The first retelling of the passionate, twelfth-century love story since the discovery of 113 lost love letters between Heloise d’Argenteuil and Pierre Abelard—the original Romeo and Juliet.
“While I sleep you never leave me, and after I wake I see you, as soon as I open my eyes, even before the light of day itself.” —Abelard to Heloise
Among the young women of twelfth-century Paris, Heloise d’Argenteuil stands apart. Extraordinarily educated and quick-witted, she is being groomed by her uncle to become an abbess in the service of God.
But with one encounter, her destiny changes forever. Pierre Abelard, headmaster at the Notre-Dame Cloister School, is acclaimed as one of the greatest philosophers in France. His controversial reputation only adds to his allure, yet despite the legions of women swooning over his poetry and dashing looks, he is captivated by the brilliant Heloise alone. As their relationship blossoms from a meeting of the minds to a forbidden love affair, both Heloise and Abelard must choose between love, duty, and ambition.
Sherry Jones weaves the lovers’ own words into an evocative account of desire and sacrifice. As intimate as it is erotic, as devastating as it is beautiful,The Sharp Hook of Love is a poignant, tender tribute to one of history’s greatest romances, and to love’s power to transform and endure.
Historical fiction is definitely not my cup of tea and this book falls firmly in that category. Whoever classifies this book as a romance is a liar. It’s not a romance because the HEA isn’t really happy, it’s sad with a lifetime of sadness. There should be a separate category called: tragic love stories. If you don’t enjoy those types of stories do not read on.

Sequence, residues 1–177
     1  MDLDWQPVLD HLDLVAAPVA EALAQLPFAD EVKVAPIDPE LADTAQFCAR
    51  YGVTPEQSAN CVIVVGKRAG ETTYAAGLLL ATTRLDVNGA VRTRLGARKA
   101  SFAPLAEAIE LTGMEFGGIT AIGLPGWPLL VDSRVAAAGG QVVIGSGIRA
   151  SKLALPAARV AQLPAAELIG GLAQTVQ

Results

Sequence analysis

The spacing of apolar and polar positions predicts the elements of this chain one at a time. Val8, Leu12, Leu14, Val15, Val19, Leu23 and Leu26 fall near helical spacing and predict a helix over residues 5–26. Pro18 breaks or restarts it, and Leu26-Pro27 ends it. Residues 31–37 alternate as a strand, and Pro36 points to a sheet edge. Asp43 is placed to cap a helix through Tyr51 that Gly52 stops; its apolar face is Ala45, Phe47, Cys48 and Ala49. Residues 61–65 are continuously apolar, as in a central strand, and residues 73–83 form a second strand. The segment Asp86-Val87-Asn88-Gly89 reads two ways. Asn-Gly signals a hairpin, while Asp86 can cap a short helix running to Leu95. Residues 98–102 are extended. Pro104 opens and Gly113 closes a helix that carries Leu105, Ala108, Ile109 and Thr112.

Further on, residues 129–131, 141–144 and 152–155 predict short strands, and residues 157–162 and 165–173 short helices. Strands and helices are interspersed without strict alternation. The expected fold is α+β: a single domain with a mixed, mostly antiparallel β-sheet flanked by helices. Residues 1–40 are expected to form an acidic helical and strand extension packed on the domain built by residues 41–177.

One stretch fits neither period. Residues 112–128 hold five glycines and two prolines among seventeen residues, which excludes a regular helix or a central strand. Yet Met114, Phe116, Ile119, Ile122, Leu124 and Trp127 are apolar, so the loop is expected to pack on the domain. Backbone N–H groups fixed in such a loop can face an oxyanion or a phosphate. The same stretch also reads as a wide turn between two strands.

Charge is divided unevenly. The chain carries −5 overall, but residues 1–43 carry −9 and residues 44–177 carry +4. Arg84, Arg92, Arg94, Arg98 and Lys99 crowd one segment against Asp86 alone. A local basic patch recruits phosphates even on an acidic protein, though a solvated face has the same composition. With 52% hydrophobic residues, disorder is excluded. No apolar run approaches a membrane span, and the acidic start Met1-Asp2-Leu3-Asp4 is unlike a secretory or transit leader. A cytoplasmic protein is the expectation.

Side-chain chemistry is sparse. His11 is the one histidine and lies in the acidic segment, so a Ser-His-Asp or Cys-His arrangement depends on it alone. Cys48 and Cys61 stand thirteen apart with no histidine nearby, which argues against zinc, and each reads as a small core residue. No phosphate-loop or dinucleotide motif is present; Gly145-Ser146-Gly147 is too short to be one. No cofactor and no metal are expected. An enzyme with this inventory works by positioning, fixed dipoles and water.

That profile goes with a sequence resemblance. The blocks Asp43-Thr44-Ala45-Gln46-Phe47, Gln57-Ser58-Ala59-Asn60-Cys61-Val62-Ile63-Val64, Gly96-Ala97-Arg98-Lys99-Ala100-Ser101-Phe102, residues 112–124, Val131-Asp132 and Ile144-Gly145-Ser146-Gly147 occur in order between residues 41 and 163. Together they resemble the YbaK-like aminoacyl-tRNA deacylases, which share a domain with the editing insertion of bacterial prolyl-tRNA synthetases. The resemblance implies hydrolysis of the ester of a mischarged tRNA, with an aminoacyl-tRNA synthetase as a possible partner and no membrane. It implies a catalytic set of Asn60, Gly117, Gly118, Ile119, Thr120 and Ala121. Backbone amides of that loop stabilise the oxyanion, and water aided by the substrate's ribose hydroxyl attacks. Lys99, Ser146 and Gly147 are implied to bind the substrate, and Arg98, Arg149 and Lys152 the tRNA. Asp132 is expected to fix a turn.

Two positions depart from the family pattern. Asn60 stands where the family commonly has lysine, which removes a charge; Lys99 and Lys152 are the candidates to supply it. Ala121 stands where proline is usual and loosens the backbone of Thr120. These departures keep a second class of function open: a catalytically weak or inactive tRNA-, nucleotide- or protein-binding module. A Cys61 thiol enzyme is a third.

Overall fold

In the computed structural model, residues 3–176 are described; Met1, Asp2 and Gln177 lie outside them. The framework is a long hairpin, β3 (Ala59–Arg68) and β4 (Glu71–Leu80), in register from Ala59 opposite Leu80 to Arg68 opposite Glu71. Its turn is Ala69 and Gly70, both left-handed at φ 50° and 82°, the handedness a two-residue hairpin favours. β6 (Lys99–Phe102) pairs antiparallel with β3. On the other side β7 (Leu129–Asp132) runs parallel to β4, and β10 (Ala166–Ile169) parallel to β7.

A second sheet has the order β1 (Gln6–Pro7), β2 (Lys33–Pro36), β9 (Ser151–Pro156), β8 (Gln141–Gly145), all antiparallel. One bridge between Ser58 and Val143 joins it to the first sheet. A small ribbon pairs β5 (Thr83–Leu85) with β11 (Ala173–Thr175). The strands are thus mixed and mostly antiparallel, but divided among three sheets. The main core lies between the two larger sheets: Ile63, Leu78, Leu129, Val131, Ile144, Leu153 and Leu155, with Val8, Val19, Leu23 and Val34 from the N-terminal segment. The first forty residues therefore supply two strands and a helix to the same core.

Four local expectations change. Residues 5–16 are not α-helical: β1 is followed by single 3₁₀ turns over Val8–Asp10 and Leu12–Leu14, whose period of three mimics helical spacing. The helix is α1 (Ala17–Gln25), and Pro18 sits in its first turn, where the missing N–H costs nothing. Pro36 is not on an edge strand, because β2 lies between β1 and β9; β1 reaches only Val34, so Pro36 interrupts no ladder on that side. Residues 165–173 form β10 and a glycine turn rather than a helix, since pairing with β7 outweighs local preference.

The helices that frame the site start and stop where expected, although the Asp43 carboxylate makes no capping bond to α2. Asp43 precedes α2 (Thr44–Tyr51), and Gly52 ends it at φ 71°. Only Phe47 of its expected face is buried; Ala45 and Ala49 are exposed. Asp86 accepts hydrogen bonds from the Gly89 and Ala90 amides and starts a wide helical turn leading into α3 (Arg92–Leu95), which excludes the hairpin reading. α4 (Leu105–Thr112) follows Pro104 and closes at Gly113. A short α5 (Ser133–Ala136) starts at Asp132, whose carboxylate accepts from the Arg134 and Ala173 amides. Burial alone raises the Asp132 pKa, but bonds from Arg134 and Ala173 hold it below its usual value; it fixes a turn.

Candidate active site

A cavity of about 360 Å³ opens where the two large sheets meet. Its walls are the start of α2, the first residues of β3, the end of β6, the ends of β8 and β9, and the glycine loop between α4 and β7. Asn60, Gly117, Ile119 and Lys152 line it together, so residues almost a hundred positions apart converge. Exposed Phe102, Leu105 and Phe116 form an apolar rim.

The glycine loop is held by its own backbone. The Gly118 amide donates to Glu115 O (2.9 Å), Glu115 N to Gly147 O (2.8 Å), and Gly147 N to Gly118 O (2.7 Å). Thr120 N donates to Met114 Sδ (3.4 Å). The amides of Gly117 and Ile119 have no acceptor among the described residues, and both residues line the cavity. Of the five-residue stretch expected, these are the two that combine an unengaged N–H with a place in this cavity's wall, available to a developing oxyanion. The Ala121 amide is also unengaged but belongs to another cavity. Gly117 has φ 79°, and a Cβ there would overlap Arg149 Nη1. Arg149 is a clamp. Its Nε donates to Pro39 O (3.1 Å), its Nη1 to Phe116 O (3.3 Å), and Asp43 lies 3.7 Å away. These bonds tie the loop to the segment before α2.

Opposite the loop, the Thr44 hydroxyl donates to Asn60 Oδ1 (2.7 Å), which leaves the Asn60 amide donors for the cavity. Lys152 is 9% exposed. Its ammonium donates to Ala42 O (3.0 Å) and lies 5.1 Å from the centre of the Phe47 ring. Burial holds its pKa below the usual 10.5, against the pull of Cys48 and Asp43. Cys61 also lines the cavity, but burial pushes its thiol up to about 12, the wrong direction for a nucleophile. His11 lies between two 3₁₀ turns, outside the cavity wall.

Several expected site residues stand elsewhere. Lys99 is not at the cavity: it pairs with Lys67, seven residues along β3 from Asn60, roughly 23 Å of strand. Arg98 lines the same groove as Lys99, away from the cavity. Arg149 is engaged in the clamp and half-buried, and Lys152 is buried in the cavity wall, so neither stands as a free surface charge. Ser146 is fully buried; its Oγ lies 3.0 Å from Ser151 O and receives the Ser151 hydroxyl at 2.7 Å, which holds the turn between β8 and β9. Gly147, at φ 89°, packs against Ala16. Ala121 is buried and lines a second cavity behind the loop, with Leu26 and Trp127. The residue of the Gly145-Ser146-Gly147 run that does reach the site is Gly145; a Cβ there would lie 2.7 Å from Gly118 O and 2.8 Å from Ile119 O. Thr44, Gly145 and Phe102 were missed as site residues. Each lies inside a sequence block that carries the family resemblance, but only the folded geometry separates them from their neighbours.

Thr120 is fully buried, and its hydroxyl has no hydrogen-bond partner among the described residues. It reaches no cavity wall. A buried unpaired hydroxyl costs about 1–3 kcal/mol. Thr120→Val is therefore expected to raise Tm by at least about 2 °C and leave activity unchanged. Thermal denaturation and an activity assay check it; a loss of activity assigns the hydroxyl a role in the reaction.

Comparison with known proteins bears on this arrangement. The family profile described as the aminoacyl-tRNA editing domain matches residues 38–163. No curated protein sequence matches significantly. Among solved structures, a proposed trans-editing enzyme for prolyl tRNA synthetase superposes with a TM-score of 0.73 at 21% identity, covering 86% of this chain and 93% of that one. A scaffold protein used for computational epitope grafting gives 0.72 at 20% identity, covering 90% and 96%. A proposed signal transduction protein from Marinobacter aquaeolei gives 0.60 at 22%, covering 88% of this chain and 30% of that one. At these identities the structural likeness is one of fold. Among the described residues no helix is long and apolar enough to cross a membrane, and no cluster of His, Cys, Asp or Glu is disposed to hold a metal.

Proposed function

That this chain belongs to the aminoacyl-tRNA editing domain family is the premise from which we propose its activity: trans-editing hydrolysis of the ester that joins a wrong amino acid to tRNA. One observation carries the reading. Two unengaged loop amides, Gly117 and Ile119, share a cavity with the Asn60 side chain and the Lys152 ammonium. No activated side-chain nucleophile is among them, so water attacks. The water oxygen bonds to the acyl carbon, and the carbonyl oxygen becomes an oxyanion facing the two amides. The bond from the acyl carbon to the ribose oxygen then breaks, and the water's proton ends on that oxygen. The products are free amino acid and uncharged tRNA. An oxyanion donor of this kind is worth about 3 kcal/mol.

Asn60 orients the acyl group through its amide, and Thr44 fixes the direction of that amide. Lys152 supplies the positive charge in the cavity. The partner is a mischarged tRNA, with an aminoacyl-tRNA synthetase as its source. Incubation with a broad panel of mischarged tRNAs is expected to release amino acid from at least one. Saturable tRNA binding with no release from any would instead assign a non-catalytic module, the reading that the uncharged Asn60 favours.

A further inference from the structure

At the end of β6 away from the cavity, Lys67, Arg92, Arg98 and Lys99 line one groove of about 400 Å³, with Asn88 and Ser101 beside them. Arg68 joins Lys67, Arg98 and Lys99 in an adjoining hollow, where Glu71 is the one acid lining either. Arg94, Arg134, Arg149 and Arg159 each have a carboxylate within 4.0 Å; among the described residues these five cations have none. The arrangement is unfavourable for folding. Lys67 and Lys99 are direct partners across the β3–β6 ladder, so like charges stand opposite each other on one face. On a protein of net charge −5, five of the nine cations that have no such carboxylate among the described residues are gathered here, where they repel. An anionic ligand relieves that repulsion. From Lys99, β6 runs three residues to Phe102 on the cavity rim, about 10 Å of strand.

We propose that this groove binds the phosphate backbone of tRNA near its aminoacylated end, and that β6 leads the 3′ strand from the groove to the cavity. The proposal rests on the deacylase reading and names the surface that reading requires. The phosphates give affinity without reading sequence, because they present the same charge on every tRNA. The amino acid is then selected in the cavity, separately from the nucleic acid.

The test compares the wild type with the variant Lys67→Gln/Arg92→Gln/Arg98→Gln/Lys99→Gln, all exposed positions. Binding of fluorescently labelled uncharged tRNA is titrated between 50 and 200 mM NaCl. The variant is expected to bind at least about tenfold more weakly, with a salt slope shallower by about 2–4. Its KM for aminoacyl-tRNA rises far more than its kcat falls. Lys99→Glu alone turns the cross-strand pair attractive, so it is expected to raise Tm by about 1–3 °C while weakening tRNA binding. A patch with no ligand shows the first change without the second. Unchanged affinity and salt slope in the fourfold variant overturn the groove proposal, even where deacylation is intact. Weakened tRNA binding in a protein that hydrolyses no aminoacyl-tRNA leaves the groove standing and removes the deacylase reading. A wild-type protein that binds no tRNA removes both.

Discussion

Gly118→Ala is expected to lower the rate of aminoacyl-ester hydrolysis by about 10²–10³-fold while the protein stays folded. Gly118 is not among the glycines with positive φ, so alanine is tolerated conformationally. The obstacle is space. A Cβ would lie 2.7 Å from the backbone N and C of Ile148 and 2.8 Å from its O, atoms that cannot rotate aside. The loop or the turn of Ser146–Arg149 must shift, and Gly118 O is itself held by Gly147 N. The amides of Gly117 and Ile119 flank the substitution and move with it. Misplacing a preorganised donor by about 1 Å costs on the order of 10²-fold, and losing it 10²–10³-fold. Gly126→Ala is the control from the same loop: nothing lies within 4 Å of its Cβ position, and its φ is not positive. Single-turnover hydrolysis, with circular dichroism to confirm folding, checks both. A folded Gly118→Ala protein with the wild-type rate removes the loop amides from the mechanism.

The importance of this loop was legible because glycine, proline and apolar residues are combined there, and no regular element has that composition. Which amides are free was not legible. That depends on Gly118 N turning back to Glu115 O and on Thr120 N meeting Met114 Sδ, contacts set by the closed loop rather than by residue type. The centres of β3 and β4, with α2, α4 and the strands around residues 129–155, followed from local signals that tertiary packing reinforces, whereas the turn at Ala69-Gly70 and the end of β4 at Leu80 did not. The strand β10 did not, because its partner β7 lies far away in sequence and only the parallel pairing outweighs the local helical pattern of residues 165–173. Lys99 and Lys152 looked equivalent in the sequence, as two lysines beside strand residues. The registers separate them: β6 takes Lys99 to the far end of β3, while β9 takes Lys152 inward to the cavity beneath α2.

Abelard is a teacher and philosopher, and is supposed to remain chaste. Heloise is the first female scholar of the church, a true scholar who knows languages and can actually debate. She’s bound for a role as an abbess of a famous abbey once her schooling is complete. Except somewhere along the way Heloise becomes infatuated with Abelard. Abelard is hired to teacher her the ways of philosophy and instead finds himself equally infatuated. He desires her so much he seduces her with words.
Now, of course we’ve seen the rake seduce the heroine in many historical tales; even the intellectual has won the heroine. This rascal not only seduces her, but he puts Heloise in situations that betray her beliefs, her family, and go against all the rules of French society. Through all the pain, the hero never acts like a hero. He’s selfish, resentful, and quick to protect himself, but never sweet Heloise. In a way the main characters Abelard and Heloise are very much a French Romeo and Juliet. Yet, Romeo did far more to protect and love Juliet.
Heloise is ever the intelligent, yet naïve girl. For all her smarts she puts too much trust in her lover. From a personal standpoint I loathed this book and the hero deserved everything that happened to him. I would’ve loved to knock some sense into Heloise myself, but love is often blind. I kept reading because I was hoping for a different ending, one that allowed Abelard to redeem himself.
Other reviews of this book give high praise for the story and the well-written depiction of life in France for the time period. From that perspective I have to agree. Jones did her research and the book itself is well-written, rich in period language and descriptions. The ‘real life’ letter tidbits between Heloise and Abelard are priceless and give a glimpse to love letters of the period.
Overall, the book is a rich historical fiction of tragic lovers who in the long run face impossible odds.I don’t think this book is for me because I don’t want the tragedy of real life in my reading. I want the fantasy. If you enjoy period pieces or don’t mind endings that go against the traditional romance expectations then this may be the book for you.
For readers who enjoy Philippa Gregory or Karen Harper.
Reviewed by Landra
Heat Level: Sensual